1. When abstractions of heroism can be used as weapons against free speech, then we approach the horror of “1984”. The heroism innate in winning a medal like the CMH is not contained within the award itself. Being exposed as a liar and public humiliation is more than adequate punishment.

  2. We already do criminalize lies in many areas. If you claim to be a police officer and are not, you can and rightfully will be arrested. I wonder if Prof Turley would think it is OK for a person who is not a lawyer to print up business cards saying that they are in fact a lawyer. I don’t have much of a problem with government being able to criminalize such things because there is a clear cut line as to whether or not it is a lie. There is NO room for debate as to the truth or falsity of such things. The only question that is posed is the lie of such importance that it hurts or threatens an orderly society?
    The answer to that question is a matter of opinion, and so as a veteran I would come down on the side of punishment. I do have a problem with it being applied to verbal matters though. I would think that it should also be put in context. Being in a bar and BSing about stuff is a LOT different from making formal speeches and campaigning for elective office.

    You are also wrong about Blumenthal since he DID serve in the Vietnam war. He did NOT serve in Vietnam though. I believe the question was whether or not he said he was a Vietnam era vet or Vietnam vet. In fact, one can become a member of Vietnam Veterans of America if you served during the war and thus can claim to be a Vietnam veteran without fear of lying.

  3. Kerry lost an election because of Swift Boat lies and we wound up with phase two of the Bush administration horrors. What’s the remedy for that?
    Should people not be accountable for lies that cause damage?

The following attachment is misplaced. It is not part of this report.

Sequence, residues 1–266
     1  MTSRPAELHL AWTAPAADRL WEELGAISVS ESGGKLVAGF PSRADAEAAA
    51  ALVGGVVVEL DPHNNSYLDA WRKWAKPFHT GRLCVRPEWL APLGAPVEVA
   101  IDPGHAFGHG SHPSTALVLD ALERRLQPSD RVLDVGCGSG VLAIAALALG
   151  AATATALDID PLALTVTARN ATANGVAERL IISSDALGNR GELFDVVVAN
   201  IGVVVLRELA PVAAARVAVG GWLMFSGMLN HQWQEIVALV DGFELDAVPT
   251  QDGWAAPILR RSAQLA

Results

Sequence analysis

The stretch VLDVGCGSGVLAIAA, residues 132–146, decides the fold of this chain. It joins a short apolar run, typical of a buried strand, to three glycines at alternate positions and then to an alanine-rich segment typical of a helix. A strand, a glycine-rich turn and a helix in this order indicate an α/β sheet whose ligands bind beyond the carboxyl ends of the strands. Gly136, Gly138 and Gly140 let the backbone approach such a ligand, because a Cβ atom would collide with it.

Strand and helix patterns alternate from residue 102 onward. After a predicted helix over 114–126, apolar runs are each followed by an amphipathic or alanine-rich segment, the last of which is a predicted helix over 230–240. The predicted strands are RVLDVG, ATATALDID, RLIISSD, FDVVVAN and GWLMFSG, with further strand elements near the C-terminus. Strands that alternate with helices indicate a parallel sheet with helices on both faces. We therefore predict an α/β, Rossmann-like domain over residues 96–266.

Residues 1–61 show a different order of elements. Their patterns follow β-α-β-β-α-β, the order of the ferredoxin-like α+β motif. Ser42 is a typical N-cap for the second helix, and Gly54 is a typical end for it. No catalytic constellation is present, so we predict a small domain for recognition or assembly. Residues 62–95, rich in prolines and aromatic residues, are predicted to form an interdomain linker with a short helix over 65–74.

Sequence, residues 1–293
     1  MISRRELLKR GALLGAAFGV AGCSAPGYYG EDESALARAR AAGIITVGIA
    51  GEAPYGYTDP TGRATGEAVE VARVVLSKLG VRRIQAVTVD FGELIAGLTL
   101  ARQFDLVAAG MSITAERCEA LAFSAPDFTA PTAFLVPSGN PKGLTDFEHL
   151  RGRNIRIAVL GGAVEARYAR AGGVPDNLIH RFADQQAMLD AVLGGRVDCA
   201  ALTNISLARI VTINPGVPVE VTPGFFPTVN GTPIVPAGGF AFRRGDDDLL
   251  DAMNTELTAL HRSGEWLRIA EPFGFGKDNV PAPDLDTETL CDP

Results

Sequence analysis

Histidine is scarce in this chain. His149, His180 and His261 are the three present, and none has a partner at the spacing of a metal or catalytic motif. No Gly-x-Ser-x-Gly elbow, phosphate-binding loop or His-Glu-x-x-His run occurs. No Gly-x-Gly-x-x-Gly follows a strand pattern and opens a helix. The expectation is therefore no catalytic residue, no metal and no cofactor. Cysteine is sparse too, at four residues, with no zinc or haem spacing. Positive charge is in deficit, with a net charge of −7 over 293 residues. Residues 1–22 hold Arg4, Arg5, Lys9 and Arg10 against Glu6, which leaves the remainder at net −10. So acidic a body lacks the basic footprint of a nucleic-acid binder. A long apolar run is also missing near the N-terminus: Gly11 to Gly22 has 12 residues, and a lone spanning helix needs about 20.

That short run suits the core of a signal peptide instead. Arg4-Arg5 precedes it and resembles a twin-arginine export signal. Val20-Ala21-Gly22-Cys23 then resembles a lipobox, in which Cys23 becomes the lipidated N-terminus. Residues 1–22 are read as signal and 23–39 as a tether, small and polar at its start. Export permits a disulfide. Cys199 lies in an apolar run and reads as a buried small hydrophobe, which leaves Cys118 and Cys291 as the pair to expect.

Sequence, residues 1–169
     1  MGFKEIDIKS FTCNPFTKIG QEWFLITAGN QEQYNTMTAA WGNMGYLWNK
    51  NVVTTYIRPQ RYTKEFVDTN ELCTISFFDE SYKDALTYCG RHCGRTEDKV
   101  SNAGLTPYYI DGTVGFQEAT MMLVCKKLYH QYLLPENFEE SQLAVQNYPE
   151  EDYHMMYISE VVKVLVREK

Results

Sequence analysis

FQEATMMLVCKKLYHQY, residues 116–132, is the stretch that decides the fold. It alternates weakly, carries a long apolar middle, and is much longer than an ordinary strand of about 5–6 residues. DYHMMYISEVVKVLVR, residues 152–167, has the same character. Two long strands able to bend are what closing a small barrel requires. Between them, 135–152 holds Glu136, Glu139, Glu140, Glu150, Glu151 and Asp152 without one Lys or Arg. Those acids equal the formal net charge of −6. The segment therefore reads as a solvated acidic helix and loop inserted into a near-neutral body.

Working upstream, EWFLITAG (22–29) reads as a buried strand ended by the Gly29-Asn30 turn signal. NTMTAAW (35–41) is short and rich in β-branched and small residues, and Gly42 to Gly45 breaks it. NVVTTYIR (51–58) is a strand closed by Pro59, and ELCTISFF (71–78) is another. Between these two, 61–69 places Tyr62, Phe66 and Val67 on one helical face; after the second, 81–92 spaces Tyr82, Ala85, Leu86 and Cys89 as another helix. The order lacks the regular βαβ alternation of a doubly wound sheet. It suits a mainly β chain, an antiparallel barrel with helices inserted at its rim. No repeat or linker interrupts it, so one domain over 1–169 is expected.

4. There is a complication in California.

    The state constitution in paragraph two, guarantees the right to shout fire in a crowed theater, with the individual being responsible only for actual damages.

    This clause would seem to invalidate the conviction of the Irvine 11.

  5. On a related topic, a Seattle businessman who runs an army surplus store had four Medals of Honor on display. His father had bought them forty years ago and the business had the very rare medals in a display cabinet. Some FBI agents shopping in the store saw them and thought they might be counterfeit. Close inspection shows they are not actually counterfeit, but authentic MoH; however, they were never awarded to anyone.

    The business owner turned them over to a real medal of honor recipient, U.S. Army Lt. Col. Bruce Crandall who is now retired. The store owner, Henry Schaloum, received an award of his own: a letter of recognition from Congress for protecting the integrity of the award and keeping the medals out of wrong hands.

  6. Another example of “over-lawing” and finding solutions to problems that aren’t there. It’s jingoism and military exultism at it’s worst. Presumably the law covers falsely claiming a Good Conduct Medal or campaign stripe. The integrity of the award or its legitimate winner is affected not one iota by someone lying about his receipt of the award anymore than falsely claiming membership in a courageous combat unit cheapens that unit’s accomplishments. This is patriotism run amuk and the conservative cabal on the Supreme Court are just the ones to carry water for the runners.

  7. The law must protect the sanctity of the War Machine and all the honors associated with it, after-all, militarism is the national religion.

  8. “Being in a bar and BSing about stuff is a LOT different from making formal speeches and campaigning for elective office.”

    My, oh my — how many indictments could be returned for statements made during the Republican debates if the general principle is adopted – but that’s one law Congress will never pass.

  9. My legally uneducated belief is that using deception of any kind for personal advancement/advantage is fraudulently wrong. The degree is where the law becomes applicable. To dress up for a costume party is one thing. To run for office based on any lie, for instance, is another and has been punishable for a long time.

  10. It’s jingoism and military exultism at it’s worst

    While I think the law is overbroad and as the poster says it applies to all awards, it is hardly jingoism. This is the kind of thing that paints the left as being anti-military. All US military action is not illegitimate and imperialist. Nor are all US military persons bloodthirsty baby killers.

    I think the law should be modified to apply only to the top tier awards since almost every vet could possibly be charged under it unless they have a military review of their records to make sure that they have only the awards that they should have. The problem is not that great obviously, but I think it is a reasonable thing to do to ensure that the awards remain as prized things to have. That is necessary to even have a military. Now if you are against any military, then I can see the point of being against such laws.